Apostrophe: A rhetorical figure in which the speaker directly and often emotionally addresses a person who is dead or absent, an imaginary or nonhuman entity, or a place or concept (usually an abstract idea or ideal). The object of the apostrophe, if not human, is often personified.
The invocation is a type of apostrophe involving an explicit request for aid in writing made to a supernatural entity.
EXAMPLES: The biblical lines “O death, I will be thy plagues; / O grave, I will be thy destruction” (Hosea 13:14). George Gordon, Lord Byron, apostrophizes the sea in the following line, taken from the fourth canto of his long poem, Childe Harold’s Pilgrimage (1818): “Roll on, thou deep and dark blue ocean, roll!”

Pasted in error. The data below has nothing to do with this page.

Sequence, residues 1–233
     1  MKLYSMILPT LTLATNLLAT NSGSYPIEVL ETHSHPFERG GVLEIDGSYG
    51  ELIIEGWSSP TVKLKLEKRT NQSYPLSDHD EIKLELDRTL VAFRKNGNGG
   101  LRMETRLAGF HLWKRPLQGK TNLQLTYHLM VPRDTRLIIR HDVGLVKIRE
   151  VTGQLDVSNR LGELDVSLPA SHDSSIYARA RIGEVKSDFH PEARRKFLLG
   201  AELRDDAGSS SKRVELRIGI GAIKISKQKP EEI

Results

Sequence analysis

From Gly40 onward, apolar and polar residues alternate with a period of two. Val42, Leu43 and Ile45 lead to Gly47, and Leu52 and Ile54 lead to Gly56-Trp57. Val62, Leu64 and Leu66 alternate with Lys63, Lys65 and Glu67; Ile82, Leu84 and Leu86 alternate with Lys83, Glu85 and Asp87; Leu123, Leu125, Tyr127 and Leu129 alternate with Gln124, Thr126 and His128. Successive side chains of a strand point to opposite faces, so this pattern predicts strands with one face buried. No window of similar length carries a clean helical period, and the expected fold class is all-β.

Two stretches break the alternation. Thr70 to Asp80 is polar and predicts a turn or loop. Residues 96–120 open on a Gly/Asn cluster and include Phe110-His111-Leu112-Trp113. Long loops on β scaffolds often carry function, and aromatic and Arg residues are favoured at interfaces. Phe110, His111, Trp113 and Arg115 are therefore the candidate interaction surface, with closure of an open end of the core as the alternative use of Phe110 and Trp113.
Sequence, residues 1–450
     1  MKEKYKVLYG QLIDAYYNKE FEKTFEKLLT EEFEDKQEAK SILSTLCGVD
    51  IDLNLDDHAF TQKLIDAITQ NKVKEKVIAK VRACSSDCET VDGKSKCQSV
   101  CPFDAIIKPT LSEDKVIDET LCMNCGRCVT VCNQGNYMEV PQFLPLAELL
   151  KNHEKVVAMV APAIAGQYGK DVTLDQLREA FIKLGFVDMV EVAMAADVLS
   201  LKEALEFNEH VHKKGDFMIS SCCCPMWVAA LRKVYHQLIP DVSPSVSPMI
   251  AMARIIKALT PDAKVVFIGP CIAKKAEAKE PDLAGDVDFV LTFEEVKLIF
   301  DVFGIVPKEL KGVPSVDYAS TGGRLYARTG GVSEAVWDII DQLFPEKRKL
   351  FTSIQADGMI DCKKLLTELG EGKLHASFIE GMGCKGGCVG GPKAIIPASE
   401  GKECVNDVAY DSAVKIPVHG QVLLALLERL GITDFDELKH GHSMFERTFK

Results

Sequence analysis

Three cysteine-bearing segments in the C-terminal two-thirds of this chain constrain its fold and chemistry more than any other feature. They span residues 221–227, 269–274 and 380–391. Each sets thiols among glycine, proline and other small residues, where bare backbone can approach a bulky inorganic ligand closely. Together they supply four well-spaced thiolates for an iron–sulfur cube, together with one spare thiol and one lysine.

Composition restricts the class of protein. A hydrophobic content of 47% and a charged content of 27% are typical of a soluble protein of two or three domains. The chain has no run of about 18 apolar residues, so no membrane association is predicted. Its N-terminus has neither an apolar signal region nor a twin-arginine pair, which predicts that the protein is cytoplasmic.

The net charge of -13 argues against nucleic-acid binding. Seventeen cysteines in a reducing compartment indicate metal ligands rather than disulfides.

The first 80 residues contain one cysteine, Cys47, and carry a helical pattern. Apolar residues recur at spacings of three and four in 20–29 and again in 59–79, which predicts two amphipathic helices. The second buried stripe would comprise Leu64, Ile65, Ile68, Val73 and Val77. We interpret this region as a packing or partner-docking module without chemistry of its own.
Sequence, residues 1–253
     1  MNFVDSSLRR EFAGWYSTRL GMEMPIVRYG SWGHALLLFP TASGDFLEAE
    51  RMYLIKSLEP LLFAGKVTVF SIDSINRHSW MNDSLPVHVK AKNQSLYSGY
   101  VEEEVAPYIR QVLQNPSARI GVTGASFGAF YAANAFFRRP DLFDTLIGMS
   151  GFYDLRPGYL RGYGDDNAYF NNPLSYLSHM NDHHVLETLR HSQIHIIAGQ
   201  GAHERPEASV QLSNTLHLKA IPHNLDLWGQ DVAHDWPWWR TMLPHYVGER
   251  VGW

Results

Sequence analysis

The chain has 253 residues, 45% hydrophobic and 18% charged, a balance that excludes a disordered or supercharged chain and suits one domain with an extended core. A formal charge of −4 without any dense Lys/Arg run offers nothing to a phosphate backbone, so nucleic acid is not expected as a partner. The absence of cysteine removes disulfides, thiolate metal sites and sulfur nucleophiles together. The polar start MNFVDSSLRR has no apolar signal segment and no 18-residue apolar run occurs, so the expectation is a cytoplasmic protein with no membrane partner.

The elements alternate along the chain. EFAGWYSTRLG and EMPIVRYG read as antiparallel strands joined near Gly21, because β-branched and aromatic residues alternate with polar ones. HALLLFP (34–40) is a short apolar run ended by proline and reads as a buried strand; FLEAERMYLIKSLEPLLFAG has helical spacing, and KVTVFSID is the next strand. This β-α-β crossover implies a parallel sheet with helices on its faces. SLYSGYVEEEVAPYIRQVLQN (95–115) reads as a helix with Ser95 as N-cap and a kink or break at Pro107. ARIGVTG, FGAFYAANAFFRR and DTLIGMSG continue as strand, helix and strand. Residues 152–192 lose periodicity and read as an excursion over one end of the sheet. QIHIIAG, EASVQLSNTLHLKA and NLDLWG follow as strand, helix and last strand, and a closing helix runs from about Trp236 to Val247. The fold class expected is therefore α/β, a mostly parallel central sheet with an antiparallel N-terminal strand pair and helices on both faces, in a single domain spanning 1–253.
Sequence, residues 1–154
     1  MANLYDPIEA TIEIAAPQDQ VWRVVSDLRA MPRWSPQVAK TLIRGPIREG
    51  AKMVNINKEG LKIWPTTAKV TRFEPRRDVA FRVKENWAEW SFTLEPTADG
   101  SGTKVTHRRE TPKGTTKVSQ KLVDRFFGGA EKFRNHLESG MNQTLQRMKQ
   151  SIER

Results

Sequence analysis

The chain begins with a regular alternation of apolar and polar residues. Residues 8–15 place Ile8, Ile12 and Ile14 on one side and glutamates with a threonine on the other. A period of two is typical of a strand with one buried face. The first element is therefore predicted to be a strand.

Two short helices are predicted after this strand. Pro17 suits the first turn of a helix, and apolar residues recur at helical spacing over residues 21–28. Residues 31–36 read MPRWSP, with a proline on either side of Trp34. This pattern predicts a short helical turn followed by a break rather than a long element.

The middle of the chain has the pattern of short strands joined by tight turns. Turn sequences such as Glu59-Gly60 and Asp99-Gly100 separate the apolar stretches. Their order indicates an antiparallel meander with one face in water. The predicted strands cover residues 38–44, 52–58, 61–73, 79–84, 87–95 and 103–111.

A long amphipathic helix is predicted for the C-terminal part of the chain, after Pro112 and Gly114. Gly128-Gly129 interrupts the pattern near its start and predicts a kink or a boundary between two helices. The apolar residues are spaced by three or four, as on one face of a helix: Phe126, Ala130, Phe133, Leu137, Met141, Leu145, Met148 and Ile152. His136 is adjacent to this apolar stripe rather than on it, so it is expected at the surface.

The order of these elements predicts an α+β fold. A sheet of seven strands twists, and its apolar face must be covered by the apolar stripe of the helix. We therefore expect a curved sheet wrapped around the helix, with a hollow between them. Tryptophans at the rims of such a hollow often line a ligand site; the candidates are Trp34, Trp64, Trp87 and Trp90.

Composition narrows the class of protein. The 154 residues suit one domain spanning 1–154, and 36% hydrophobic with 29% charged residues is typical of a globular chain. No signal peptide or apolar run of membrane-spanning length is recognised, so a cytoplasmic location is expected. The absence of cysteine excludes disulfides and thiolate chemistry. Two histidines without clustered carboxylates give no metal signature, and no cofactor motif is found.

Sixteenth-century French poet Louise Labé addressed her absent lover in Les délices et les épreuves du corps (The Delights and Trials of the Body), calling on him to “Baise m’encor, rebaise-moi et baise, / … Je t’en rendrai quatre plus chauds que braise” (“Kiss me again, kiss me once more and kiss / … I will give you four that are hotter than embers”).
Thomas Hardy addressed “Love” in his cynical poem “I Said to Love” (1901):
I said to him,
“We now know more of thee than then;
We were but weak in judgment when,
With hearts abrim,
We clamoured thee that thou woulds’t please
Inflict on us thy agonies,”
I said to him.